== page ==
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  • Writer's pictureRachel Niemczyk

My Journey Into Grant Writing

Highway heading off into the distance with the word "start" written on it.
Image by Gerd Altmann from Pixabay

The more I network in the nonprofit field, the more I learn that asking people how they became part of the nonprofit sector is a great way to find unknown connections and begin developing relationships. It also leads to some really fascinating stories! So in today’s blog I wanted to give you a chance to learn more about me by sharing my journey into grant writing with all of you!


My grant writing story starts with a car accident. Before this car accident I was content working in an office job that wasn’t the most exciting or fulfilling, but paid the bills and had wonderful coworkers. To this day I still have positive memories of everyone I worked with there and how supportive they were before and after the recovery process.

After the car accident though everything changed . . . or more accurately, I did. Even though the job and coworkers were still the same, I realized that if I died the next day - which at the time was on my mind a lot since that is what almost happened - I wanted to be happy and proud of the work I did. I wanted to know that what I did on a daily basis made a positive difference in the world, however big or small it may be.

I had no clue how I was going to do that, but I knew it wasn’t by staying at my office job. So I created a financial safety net, left my job, and decided to search for my dream job: the passion filled career I would be happy to do for the rest of my life.

Now, as someone who loves learning, reading, and writing and became an English Lit major (almost an English Lit/History double major) because of it, you would think I would have immediately gone towards a writing job. Nope. Instead I decided to go with another hobby I enjoyed: gardening.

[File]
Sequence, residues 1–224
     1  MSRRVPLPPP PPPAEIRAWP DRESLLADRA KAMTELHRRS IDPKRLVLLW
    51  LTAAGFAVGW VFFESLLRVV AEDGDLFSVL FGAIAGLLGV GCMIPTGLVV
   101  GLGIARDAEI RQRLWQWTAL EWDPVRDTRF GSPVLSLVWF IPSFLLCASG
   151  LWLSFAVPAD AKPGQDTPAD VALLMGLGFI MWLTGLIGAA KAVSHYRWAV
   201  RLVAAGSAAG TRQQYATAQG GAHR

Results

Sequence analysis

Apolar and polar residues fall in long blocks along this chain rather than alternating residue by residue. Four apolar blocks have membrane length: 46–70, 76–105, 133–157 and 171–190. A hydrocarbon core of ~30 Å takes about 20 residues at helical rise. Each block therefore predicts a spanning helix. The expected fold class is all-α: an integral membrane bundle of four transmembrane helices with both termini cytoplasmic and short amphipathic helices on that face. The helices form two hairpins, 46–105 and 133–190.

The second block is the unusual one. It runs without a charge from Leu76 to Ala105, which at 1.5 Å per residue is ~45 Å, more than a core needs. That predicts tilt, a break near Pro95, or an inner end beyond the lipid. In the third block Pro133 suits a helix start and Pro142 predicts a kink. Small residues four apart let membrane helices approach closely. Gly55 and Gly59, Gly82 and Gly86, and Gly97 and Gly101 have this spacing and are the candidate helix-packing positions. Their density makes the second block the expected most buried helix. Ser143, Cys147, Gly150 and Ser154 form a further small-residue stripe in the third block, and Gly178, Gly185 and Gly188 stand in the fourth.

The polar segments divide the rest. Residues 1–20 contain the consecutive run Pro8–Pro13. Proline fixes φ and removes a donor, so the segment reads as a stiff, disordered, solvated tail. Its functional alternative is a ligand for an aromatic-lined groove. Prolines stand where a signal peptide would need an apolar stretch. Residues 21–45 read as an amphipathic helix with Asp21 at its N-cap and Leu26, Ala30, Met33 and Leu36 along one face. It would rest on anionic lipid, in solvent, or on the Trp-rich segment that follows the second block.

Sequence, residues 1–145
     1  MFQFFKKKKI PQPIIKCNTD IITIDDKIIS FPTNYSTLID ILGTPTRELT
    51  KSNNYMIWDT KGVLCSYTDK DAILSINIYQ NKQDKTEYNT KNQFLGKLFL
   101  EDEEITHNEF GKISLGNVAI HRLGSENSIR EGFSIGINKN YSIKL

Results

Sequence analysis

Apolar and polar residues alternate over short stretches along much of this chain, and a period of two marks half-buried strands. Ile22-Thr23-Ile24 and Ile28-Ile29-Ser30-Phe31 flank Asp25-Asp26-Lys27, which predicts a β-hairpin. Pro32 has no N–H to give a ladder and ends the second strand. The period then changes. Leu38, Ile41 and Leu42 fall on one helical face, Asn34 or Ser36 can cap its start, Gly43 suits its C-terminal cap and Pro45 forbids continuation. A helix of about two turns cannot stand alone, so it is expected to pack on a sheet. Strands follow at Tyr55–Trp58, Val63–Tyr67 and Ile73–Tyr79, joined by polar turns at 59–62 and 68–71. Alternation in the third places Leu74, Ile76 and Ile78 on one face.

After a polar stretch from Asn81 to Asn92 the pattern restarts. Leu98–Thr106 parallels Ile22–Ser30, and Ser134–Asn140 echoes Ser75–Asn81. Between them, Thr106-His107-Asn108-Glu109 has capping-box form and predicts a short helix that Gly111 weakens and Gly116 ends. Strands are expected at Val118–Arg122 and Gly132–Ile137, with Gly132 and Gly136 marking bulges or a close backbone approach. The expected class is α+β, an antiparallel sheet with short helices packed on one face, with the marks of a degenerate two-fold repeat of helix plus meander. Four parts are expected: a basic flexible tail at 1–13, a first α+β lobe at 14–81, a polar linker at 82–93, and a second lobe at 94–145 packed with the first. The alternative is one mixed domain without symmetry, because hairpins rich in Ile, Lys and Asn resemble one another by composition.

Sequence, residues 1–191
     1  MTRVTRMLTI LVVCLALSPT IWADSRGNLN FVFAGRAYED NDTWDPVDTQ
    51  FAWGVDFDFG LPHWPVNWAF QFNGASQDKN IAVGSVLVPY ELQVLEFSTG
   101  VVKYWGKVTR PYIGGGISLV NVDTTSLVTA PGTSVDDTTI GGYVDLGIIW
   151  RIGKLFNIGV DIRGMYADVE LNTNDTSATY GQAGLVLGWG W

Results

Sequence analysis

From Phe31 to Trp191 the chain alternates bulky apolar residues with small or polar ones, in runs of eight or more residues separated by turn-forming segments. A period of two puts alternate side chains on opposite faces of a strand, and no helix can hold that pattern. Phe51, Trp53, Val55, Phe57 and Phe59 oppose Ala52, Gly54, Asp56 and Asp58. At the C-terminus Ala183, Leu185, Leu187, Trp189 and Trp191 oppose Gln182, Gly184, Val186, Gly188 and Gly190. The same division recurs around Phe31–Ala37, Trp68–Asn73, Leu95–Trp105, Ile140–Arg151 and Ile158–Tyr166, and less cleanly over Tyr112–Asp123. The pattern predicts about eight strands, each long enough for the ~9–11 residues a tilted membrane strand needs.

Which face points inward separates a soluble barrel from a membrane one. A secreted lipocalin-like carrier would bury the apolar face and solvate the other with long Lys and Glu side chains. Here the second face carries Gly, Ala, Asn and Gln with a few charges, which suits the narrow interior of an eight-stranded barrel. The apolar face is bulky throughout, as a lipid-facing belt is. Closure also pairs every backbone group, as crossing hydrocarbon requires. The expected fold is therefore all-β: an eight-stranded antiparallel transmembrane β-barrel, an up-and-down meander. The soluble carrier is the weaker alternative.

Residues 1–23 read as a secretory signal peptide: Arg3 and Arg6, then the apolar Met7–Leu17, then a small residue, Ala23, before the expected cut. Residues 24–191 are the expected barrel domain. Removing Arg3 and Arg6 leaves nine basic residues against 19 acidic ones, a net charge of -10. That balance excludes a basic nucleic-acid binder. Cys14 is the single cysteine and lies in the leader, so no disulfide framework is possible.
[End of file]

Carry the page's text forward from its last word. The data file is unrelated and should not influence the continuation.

With that in mind, I volunteered at a private garden open to the local community with the hopes of learning A) if gardening/horticulture was really my passion, B) what I would need to learn and do in this field, and C) if I could actually physically/mentally do the work.

Through this experience I learned that I loved gardening, was interested in learning more, and would have happily spent all day playing in dirt if I could . . . but I literally could not take the heat.

Gardening in the fall, winter, and spring? No problem.

Gardening in the summer? I would come home sick from severe heat exhaustion every time, no matter what I tried (and I tried everything I could from taking regular breaks in air conditioning and drinking plenty of water to wearing spf protected clothes and working in the shade). None of it worked for me, and I eventually had to face the heartbreaking fact that this career path just wasn’t sustainable for me.

Around this time I also learned of a children’s environmental education program offered at the garden that needed volunteers. I thought if I couldn’t work on gardening, maybe I could still work in gardens as an environmental educator of some sort. Unfortunately, that didn’t work out as planned either.

Teaching the kids one on one was a joy. Teaching them as a group? More like a nightmare. I could work as an environmental educator in short doses, but didn’t have the patience to continually corral a group of young children into some semblance of order to learn. So it seemed like I was back at square one not knowing what direction to take my career.

Except one fateful day while I was volunteering for the education program I overheard the program manager talking about how she was having trouble writing a grant application for it.

This was the first time I had ever really heard of grants in this context. And because curiosity killed the cat but satisfaction brought it back is a mantra of mine, I asked the program manager about the grant and grant writing process. When I realized it may be a way to use my love of words to benefit public spaces and programs I cared about, I offered up my writing services. Even though I had never written a grant before I was willing to learn and the program manager - thankfully - took me up on my offer.

The rest, as they say, was history. All the steps involved in the grants writing process from researching grants and collaborating with program managers to telling stories and word puzzling my way around word/character limits was just fun in a really nerdy way. So much so that I eventually started my own freelance grant writing / freelance writing business because of it. It’s not something I ever imagined myself doing as a child, but it’s something I enjoy and am grateful I get to do every day.


Now that you know my journey into grant writing I would love to hear yours! What interested you in the nonprofit field in the first place? Are you also a grant writer, or do you hold another position in the nonprofit field? I’d love to learn more and get to know you all a little better.

Thanks for reading, and I'll see you next week with another article!

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